DeSantis suspended state attorney Andrew Warren earlier this year, a decision a federal judge ruled against. But there was no mechanism to reinstate Warren to his position.
DiFi BRIEFLY HOSPITALIZED AFTER FALL • Sen. Dianne Feinstein (D-Calif.) went to the hospital on Tuesday after she tripped and fell in her San Francisco, TMZ reported and her office confirmed on Wednesday.
Leader Schumer said he spoke with the 90-year-old senator, who told him she suffered no injuries and went to the hospital as a precaution. Feinstein missed three months earlier this year while recovering from shingles, Ramsay Hunt syndrome, and encephalitis and resisted calls for resignation while she was out. (Feinstein will retire at the end of her term next year.)
In the divided Congress where few bills beyond those lawmakers have to pass will reach President Biden’s desk, Feinstein’s value is on the Judiciary Committee where Senate Democrats can still advance Biden’s agenda to rebalance the federal courts with simple majorities.
Since her return to the Senate in May, 14 judges have been confirmed by the Senate with another nine advanced out of committee. The Senate approved 14 of the 71 judges confirmed in 2023 while she was out earlier this year.
ALLRED GOES ON THE ROAD • Rep. Colin Allred (D-Texas), candidate to replace Republican Ted Cruz in the US Senate, launched a statewide tour where he will travel and listen to Texans share the challenges facing them and their communities.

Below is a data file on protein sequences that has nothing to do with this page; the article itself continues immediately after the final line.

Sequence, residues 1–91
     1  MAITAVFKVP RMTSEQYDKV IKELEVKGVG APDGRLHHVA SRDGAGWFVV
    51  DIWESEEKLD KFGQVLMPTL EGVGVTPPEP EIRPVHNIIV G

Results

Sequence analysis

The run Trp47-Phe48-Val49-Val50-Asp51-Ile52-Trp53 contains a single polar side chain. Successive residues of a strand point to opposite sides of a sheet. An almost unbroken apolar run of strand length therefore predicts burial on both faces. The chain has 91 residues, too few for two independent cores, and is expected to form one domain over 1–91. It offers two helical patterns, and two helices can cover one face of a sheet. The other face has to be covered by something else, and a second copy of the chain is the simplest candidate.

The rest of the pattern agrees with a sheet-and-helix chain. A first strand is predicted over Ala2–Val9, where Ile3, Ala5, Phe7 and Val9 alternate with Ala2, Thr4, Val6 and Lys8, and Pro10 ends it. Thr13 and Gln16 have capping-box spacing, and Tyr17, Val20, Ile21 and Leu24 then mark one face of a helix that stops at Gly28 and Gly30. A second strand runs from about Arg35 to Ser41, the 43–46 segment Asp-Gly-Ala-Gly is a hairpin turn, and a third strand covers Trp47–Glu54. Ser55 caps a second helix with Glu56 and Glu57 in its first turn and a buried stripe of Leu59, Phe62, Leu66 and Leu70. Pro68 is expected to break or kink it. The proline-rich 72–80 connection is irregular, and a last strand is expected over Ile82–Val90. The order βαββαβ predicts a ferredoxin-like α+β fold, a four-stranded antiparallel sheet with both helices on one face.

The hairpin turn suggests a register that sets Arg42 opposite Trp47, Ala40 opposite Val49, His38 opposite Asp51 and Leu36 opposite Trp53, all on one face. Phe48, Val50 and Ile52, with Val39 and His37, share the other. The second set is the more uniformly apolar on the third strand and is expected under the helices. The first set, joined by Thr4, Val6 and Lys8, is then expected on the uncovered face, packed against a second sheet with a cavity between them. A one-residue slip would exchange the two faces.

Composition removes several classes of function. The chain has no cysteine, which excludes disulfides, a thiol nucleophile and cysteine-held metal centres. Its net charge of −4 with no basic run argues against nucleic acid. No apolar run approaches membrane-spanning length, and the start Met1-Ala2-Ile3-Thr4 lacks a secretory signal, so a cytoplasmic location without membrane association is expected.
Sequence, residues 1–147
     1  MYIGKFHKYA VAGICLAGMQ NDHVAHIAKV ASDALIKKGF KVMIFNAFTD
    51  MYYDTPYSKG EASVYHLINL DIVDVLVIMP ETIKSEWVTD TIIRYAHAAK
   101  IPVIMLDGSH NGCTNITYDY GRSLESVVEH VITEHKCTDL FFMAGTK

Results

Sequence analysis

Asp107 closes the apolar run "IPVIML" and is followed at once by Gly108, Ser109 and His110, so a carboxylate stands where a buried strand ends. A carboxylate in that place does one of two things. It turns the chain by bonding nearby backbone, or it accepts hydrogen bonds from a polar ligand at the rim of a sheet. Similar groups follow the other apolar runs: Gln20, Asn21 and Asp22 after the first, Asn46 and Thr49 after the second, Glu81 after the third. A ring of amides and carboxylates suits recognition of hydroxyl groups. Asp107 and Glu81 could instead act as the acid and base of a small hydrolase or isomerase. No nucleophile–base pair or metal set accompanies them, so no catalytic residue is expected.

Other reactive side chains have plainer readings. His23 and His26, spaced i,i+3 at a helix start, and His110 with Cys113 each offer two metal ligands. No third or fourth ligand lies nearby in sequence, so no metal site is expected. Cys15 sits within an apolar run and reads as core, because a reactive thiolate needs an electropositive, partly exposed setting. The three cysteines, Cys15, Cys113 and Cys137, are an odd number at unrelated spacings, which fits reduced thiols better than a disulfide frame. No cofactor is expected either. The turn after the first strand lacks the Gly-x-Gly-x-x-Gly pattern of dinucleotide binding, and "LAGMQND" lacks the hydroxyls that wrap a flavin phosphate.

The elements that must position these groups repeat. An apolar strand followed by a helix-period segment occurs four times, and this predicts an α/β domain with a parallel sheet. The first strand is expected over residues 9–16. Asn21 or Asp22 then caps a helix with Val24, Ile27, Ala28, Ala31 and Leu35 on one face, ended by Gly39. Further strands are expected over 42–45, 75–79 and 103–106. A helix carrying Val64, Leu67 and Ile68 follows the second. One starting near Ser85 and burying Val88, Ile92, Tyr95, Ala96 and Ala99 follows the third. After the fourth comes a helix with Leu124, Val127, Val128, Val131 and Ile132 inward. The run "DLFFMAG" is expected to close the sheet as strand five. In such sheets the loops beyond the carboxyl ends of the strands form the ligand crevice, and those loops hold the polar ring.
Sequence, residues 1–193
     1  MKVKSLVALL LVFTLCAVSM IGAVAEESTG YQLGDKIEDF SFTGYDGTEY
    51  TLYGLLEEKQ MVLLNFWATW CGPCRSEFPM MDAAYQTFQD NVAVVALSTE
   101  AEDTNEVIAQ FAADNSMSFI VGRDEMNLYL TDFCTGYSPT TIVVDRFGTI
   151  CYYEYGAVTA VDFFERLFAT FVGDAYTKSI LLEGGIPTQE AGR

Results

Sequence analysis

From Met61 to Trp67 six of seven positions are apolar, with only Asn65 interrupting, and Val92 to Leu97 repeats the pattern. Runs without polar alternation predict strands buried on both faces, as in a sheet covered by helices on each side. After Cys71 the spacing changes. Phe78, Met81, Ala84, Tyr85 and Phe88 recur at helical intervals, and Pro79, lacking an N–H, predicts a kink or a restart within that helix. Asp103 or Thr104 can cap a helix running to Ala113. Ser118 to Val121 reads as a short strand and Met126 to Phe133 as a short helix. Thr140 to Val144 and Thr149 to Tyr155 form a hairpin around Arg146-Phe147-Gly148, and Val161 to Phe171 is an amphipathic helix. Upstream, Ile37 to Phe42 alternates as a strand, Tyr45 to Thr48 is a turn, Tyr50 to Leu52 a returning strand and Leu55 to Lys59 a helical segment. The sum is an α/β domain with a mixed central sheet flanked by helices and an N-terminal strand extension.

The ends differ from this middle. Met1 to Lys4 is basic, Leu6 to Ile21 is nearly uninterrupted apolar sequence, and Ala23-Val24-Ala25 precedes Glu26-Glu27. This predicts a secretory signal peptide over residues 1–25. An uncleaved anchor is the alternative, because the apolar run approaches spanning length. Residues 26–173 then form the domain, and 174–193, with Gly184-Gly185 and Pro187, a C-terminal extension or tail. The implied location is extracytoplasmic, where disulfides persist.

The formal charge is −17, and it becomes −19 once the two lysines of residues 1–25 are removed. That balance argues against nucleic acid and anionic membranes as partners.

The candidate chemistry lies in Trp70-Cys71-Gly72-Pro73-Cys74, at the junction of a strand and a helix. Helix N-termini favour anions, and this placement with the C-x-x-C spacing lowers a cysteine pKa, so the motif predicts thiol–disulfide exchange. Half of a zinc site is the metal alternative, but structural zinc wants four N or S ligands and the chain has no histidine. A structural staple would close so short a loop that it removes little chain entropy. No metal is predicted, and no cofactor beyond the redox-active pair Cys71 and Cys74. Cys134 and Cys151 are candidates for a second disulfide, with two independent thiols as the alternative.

The “Lone-Star Listening Tour” kicked off in El Paso on Wednesday with additional stops in Houston, San Antonio, the Rio Grande Valley, and Austin with more cities to be announced in the coming days.
PORTER TARGETS THE PENTAGON • Rep. Katie Porter (D-Calif.) introduced a package of bills to increase accountability for the Defense Department and protect servicemembers’ health and financial well-being. Five of the six bills, which were originally submitted as amendments to the 2024 House NDAA, passed as part of previous House NDAAs with broad bipartisan support. The sixth is a new proposal with three Republican cosponsors.
HOGG, LATA LAUNCH GEN-Z PAC • March for Our Lives co-founder David Hogg launched Leaders We Deserve, a grassroots organization to elect more progressive Gen-Z candidates to Congress and state legislatures across the country.
The group will recruit candidates and provide them with day-to-day support, a volunteer network, and expertise for paid media campaigns — all with the mission of lowering the barriers to entry for young, nonwhite, and non-wealthy people.
Hogg co-founded LWD with Kevin Lata, 2022 campaign manager for Rep. Maxwell Frost (D-Fla.), the first Gen-Z person elected to Congress. Watch the LWD launch video.
WH CURTAILS PRIVATE CHINESE INVESTMENTS • President Biden signed a new executive order that bans American private equity firms from investing in China’s technology industry, including emerging areas like artificial intelligence and quantum computing. Read more about the EO.
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All times Eastern
10 a.m. President Biden will receive his daily intelligence briefing in Salt Lake City, Utah.
12:15 p.m. The president will speak about the one-year anniversary of the PACT Act at a Veterans Affairs medical center in Salt Lake City.
2:30 p.m. President Biden will speak at a campaign fundraiser in Park City, Utah.
4:25 p.m. The president will leave Salt Lake City to return to the White House, arriving at 9:20 p.m.
The Vice President is in Washington and has no public events on her schedule.
The House is out.
The Senate is out.